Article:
President's view: Health budgets the central issue

Each of the key issues facing health services has budgetary constraints at their heart, says HCSA President Professor Ross Welch

As the dust has settled on the election, pressure has grown on two important fronts – both for a review of the overall spending package available for health services and social care, and also for an end to the years of so-called “pay restraint” which has seen NHS staff across the board handed real-terms wage cuts.

This is not before time. There is deep concern at the impact of decisions over pay on retention and recruitment of hospital doctors, as well as the support teams around us.

The latest findings of the annual British Social Attitudes survey suggest that the wider public share these concerns, with 83 per cent of respondents calling for “more” or “much more” to be spent on the NHS even if that requires greater taxation.

In England, meanwhile, the dominant policy buzzwords remain sustainability and transformation.

There are increasing voices warning that these plans are driven by the demand for cost-cutting rather than local service need.

Royal College of Physicians president Professor Jane Dacre was among those describing huge variance in the application of plans regionally and warning that many had sizeable funding gaps with, “to put it mildly, aspirational plans” to bridge them based on service reductions.

STP groups have leapt into existence and are beavering away trying to decide where the next NHS reorganisation is going. Mostly these meetings are avoiding speaking to those of us who actually work day to day in the service, as that would only cloud their decision-making, but I predict confidently that it will result in job losses, service reductions and more bureaucracy.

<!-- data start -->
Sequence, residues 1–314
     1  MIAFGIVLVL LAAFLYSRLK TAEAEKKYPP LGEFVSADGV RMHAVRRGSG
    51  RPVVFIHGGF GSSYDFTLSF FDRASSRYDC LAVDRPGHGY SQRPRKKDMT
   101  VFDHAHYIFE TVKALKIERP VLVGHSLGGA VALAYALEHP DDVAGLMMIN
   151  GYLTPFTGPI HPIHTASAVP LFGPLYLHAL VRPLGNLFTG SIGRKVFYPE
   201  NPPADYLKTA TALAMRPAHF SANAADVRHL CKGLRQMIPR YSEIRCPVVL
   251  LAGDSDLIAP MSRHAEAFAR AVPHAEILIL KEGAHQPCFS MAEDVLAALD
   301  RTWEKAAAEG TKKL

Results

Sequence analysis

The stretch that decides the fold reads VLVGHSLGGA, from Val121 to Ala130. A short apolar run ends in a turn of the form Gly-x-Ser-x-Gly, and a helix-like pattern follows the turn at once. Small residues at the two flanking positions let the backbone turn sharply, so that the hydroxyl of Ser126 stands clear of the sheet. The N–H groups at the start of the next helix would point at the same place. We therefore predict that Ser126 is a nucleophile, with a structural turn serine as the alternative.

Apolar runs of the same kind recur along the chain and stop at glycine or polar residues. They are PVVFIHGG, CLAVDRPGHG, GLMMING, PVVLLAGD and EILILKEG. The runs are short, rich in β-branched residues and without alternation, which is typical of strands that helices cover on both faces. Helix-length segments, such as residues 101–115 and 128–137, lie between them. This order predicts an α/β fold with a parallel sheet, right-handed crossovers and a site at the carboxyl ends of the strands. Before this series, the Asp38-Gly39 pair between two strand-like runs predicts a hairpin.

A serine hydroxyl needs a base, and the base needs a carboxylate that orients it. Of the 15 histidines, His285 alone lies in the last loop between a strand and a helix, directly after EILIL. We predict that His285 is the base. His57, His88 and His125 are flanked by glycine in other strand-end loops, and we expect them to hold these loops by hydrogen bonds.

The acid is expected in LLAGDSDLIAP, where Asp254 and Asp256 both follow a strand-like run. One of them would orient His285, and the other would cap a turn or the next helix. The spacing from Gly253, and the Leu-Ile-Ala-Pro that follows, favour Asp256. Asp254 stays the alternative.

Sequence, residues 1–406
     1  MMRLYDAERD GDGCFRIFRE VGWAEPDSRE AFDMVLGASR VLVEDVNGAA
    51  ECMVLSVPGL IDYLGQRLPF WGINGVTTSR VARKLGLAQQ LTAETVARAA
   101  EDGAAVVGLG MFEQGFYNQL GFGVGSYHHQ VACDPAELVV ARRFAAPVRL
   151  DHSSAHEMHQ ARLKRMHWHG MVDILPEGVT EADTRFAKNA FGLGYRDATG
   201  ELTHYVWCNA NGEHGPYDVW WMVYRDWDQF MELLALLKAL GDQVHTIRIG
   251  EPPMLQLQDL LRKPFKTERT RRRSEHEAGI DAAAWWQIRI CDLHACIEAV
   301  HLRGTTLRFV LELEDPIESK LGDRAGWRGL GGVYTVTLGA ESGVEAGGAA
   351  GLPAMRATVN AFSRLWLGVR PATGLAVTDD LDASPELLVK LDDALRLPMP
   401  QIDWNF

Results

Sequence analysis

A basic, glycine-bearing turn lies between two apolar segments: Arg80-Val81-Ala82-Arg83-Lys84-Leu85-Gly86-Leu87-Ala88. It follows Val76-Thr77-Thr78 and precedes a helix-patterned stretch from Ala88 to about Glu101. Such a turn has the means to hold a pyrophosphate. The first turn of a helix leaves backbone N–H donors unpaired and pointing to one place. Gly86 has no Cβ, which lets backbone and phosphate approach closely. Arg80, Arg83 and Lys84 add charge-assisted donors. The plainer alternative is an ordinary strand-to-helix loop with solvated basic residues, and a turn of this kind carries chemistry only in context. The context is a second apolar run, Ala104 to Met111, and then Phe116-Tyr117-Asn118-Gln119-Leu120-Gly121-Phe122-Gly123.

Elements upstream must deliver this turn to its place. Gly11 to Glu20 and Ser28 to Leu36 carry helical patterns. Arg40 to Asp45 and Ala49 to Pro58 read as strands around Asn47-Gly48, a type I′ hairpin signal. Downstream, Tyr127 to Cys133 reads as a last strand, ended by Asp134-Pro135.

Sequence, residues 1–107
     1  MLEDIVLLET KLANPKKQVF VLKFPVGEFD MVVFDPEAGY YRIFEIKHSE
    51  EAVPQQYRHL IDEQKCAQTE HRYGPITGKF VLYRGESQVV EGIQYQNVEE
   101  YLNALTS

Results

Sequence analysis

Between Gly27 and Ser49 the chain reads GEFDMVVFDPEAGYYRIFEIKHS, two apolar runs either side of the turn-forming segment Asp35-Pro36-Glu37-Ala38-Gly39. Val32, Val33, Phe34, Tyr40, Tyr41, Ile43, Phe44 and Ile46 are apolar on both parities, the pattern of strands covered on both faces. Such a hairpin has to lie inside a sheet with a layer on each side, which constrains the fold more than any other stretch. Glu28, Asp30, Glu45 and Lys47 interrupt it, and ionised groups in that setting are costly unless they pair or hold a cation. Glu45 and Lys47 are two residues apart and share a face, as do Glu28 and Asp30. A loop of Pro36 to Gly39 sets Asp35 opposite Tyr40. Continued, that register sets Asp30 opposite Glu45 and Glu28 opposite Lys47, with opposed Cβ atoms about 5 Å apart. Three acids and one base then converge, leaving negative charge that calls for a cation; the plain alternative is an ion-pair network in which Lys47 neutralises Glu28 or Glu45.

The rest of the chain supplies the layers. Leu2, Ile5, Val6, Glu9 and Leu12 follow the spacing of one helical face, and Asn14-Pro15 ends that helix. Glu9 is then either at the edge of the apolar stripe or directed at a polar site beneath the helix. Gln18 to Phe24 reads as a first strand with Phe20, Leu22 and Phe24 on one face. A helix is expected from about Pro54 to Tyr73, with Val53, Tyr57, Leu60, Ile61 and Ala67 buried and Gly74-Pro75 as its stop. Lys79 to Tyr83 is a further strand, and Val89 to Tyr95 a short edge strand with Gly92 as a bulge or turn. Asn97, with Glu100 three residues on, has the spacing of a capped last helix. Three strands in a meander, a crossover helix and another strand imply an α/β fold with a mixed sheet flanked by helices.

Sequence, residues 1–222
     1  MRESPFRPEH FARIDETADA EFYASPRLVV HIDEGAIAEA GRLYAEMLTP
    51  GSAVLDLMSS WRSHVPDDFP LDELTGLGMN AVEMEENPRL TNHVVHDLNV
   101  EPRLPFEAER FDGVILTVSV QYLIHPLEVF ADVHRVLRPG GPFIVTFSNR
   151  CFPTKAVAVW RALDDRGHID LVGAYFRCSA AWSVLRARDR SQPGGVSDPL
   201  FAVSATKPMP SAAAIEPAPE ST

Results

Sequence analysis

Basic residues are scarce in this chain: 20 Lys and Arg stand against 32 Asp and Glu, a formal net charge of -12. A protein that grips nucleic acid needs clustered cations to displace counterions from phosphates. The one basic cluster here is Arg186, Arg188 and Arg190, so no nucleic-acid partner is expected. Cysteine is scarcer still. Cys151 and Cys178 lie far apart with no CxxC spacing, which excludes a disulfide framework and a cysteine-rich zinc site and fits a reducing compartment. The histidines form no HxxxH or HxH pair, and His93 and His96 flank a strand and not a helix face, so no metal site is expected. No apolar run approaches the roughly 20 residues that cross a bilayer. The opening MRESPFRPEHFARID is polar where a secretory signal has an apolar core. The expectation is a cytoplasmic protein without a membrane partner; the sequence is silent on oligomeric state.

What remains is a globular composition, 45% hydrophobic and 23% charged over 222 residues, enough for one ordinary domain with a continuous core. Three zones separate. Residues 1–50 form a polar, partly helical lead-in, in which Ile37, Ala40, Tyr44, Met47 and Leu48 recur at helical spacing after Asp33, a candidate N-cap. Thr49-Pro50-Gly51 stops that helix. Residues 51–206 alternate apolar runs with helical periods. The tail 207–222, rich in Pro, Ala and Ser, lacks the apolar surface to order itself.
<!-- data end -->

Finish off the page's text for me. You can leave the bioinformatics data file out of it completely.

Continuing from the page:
For our part, HCSA will continue to press the case for proper resourcing and recognition for clinical teams in our hospitals.

Most members will have seen the Hospital Manifesto that we produced following the announcement of a snap election.

As we enhance our policy function we shall seek to advance and influence on the many issues affecting hospital doctors and their patients, and seek your individual views where possible.

Whether it is in the negotiating room or wider public discourse, I am determined that the HCSA’s role as an advocate for hospital doctors shall grow ever greater.


Here's to a new era of partnership

When HCSA secured national bargaining rights in England for all grades of hospital doctors back in January, we had hoped that this would mark the establishment of a united front in negotiations to ensure that the greatest possible number of hospital doctors were properly represented in talks.

In the first few days of the new year I wrote to then BMA President Mark Porter and Keith Brent, chair of the Central Consultants Committee, extending filial greetings, offering to meet and wishing that the New Year would be a good one for all medics.

The email, although read, was not acknowledged. Sadly, this set the scene for the months that followed.

We have since taken part in the ongoing consultant contract negotiations, where a sizeable portion remains undecided.

However, these have so far taken the form of parallel meetings between ourselves and the BMA.

The entrance to BMA House in London features a wall-sized graphic bearing the slogan “doctors working together.”

We remain hopeful that these words will be put into practice when it comes to joint negotiations in future.

Rest assured that HCSA intends to press hard on behalf of consultants and will be fully consulting members on the detailed outcome of contract negotiations.


New focus on trainees' interests

Foundation trainees became the latest grade eligible for HCSA membership following a rule change passed by our AGM at the end of April.

Although there are currently no direct contractual negotiations relating to the trainees, there is still discussion ongoing, mostly through Health Education England.

We have also been closely watching the progress of Dr Chris Day’s case and its implications on whistleblowing protection for hospital doctors (more on page 4).

As the HCSA evolves we are keen to bring more doctors in training into our decision-making structures. Every one of the 13 UK constituencies that make up the association has a reserved seat for doctors in training and non-career grade practitioners.

I would encourage those of you who wish to play a more active role in building the HCSA of the future to express an interest via your National Officer or by contacting our head office.